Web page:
Contractors and subcontractors were shocked by Summit's decision to use a PLA, says Matthew Marks, CEO of Associated General Contractors of Maine. "We were all kind of caught off guard," he says. "The PLA will limit the scope of people who can actually bid on the project."

This is a questionable — if not downright false — claim. While the PLA may limit the number of contractors and subcontractors who choose to bid on the project, it doesn't outright exclude anyone — regardless of their union status — from doing so. Companies who sign onto the PLA do so for this project only and are free to remain "open shop" elsewhere. (The bidding process is currently on-going; Summit expects to announce its awards very soon.)

Both LePage and the contractors organizations have reiterated one salient, but perhaps specious, statistic: "Because 98.6 percent of Maine's construction workforce chooses not to belong to a union," LePage said, "the PLA would discriminate against almost all of Maine's construction workers and would most certainly require out-of-state workers to do the work."

Not true, LIUNA counters, taking issue specifically with LePage's language. While it is accurate that Maine has low union membership in the construction industry, that doesn't necessarily indicate preference.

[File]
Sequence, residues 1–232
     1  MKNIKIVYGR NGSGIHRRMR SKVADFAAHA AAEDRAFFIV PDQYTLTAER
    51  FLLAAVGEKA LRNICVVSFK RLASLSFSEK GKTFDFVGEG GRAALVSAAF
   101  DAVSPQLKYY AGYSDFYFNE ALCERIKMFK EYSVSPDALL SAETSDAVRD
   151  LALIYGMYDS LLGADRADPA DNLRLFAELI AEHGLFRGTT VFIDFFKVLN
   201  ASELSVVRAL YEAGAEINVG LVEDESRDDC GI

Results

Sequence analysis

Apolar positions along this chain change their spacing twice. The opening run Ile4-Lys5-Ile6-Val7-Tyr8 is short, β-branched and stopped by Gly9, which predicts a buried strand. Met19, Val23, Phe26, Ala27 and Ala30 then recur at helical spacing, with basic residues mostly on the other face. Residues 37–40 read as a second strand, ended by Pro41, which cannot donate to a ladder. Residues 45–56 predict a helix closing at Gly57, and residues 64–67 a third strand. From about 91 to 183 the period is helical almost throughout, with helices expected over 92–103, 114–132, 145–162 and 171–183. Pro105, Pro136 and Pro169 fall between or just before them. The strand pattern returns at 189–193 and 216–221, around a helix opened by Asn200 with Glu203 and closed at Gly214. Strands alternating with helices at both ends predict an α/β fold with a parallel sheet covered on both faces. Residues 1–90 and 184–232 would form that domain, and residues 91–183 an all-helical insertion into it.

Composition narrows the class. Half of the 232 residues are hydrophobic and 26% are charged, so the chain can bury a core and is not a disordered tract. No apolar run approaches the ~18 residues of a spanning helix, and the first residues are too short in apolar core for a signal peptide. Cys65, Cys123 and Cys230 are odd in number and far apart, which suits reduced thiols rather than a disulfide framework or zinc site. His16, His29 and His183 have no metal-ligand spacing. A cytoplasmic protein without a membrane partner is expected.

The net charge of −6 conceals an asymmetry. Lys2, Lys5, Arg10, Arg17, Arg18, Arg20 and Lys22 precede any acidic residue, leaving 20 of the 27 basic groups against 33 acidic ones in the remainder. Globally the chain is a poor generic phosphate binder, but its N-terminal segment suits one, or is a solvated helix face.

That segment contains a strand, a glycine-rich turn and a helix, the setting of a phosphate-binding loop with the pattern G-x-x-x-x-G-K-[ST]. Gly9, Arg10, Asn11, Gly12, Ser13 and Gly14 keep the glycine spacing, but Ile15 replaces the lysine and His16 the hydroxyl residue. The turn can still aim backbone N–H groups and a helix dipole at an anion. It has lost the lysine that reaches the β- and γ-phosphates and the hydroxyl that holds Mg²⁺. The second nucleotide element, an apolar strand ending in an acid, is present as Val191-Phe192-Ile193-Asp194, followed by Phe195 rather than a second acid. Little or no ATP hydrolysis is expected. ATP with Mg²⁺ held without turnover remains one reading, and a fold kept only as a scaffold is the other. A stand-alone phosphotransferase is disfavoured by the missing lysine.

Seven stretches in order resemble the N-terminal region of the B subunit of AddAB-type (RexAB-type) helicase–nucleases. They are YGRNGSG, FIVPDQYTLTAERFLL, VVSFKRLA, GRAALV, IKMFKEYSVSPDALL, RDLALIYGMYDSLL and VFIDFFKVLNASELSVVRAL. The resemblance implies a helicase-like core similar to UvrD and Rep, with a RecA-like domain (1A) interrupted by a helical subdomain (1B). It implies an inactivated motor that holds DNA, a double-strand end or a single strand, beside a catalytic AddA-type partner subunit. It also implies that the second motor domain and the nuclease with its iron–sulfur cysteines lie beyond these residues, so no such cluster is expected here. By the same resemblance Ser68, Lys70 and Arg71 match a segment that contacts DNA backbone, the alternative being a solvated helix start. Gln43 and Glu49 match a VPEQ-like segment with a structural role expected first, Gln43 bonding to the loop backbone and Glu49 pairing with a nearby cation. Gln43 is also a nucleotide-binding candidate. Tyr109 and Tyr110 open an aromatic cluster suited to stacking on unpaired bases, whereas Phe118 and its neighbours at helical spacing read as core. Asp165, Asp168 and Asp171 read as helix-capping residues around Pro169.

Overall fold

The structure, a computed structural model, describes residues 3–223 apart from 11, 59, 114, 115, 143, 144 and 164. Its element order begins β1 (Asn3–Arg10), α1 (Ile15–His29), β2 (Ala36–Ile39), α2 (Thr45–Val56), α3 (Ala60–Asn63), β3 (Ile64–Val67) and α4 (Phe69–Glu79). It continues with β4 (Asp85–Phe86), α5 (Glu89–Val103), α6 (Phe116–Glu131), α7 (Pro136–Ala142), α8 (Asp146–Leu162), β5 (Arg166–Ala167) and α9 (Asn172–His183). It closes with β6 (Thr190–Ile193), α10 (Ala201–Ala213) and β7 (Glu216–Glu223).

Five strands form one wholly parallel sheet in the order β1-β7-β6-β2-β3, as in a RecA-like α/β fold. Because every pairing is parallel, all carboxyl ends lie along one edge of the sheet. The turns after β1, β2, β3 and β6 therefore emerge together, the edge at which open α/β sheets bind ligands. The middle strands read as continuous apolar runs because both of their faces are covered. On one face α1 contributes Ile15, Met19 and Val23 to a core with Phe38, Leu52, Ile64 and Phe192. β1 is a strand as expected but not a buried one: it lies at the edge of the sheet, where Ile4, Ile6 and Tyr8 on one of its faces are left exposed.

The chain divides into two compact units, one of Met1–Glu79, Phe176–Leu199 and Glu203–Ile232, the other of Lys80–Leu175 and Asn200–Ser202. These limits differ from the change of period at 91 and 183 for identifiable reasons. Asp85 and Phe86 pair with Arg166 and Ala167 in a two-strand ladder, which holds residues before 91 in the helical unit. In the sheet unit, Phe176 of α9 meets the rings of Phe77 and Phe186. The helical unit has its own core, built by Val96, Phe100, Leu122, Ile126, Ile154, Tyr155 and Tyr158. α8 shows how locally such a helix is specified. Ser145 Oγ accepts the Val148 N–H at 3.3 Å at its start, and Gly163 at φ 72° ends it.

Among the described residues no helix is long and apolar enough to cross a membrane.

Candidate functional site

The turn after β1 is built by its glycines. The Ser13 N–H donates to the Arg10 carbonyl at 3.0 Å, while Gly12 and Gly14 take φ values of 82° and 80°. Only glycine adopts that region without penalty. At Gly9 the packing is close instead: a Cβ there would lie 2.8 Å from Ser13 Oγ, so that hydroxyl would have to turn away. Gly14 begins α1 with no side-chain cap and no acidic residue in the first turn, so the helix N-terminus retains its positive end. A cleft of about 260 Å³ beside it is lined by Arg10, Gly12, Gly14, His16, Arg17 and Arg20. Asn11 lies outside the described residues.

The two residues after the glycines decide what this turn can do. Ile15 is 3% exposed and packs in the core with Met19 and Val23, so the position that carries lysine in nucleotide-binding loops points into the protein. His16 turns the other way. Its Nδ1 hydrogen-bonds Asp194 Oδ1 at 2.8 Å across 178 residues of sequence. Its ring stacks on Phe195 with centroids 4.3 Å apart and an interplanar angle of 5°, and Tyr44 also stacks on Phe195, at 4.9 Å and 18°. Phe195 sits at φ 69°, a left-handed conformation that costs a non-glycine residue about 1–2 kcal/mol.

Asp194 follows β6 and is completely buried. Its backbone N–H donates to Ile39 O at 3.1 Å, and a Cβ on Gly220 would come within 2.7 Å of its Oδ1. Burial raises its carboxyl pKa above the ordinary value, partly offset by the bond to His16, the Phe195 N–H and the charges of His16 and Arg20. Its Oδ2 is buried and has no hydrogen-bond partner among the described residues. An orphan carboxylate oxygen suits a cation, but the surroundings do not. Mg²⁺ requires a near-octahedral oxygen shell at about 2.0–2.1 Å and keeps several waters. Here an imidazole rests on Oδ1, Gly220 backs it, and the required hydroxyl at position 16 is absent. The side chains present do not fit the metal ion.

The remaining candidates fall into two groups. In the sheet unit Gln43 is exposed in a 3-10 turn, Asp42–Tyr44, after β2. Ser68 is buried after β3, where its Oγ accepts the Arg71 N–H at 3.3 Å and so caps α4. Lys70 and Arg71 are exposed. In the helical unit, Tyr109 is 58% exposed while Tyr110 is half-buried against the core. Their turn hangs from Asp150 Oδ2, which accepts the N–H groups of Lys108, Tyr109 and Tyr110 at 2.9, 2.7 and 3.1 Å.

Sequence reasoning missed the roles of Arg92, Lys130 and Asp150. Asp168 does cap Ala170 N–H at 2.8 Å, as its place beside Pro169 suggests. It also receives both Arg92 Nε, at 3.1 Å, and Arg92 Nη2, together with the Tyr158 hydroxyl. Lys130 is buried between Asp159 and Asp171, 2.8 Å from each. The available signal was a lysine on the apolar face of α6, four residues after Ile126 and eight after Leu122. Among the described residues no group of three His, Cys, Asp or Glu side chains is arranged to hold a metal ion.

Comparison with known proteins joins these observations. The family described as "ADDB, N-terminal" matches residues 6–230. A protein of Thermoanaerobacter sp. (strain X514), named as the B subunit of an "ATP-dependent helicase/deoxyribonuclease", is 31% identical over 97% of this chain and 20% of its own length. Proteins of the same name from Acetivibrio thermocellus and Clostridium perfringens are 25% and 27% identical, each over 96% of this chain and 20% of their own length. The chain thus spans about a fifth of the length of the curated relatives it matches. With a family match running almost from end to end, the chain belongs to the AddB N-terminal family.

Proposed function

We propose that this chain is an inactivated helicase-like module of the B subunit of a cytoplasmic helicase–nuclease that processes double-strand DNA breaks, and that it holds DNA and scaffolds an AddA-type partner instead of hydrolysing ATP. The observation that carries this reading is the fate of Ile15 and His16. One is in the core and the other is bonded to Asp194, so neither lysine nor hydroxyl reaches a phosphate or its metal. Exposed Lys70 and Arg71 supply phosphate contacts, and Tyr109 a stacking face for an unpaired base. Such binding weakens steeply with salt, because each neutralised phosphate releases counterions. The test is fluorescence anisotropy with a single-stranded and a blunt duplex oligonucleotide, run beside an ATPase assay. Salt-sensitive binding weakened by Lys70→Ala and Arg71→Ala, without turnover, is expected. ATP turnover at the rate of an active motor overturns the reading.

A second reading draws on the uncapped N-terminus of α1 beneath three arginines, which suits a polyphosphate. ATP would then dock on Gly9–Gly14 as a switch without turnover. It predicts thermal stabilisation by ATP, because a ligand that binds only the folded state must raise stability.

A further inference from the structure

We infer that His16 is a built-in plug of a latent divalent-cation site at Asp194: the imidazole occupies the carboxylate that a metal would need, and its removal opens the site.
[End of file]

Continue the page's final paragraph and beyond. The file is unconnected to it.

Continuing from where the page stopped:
"How can they speak for 90 percent of the workforce in Maine?" Tucker wonders. "[The workers] have never been asked!" It's true, he admits, that much of the work performed in Maine today is non-union, "but that doesn't reflect desire." Many workers don't even know that the power to organize is in their hands, he says.

In addition, Tucker points out that the Summit PLA includes a clause guaranteeing that at least 50 percent of pipeline workers are from Maine, and the laborer's union uses member dues to provide free training for prospective workers so that they are properly qualified for the work to come. (Because pipeline construction requires certain skills — skills that out-of-staters may possess in spades — it's important to make sure Maine workers measure up in terms of performance and skill-level so that hiring stays local.)

Opposition to PLAs is based on one thing, union reps say: Greed. "They're against unions because right now their workers are at-will employees," Tucker says. "When workers have a voice, employers lose control."


On a hazy spring afternoon, a 22-year-old roofer named Jacob walks into the Local 327 union hall in Augusta and starts filling out paperwork. He's a roofer looking for a better job and better pay, he says, and a friend turned him on to the pipeline project. The prospect of finding steady, safe, sustainable employment is enticing.

Tucker says to him what he says to all Maine workers: "You're all done working for nothing." In this case, "nothing" was low wages (Jacob said he earns about $12 an hour as a roofer, with no bennys or health insurance), and no job security.

That's the hope, at least. Buoyed by the Summit success, labor organizers are looking toward the future, eager to acquire new members and to convince other big-money builders that hiring union workers, paying solid wages, and observing standard safety protocols amounts to smart business practice. The "organizing" arm of organized labor seems to be more energized than in the recent past.

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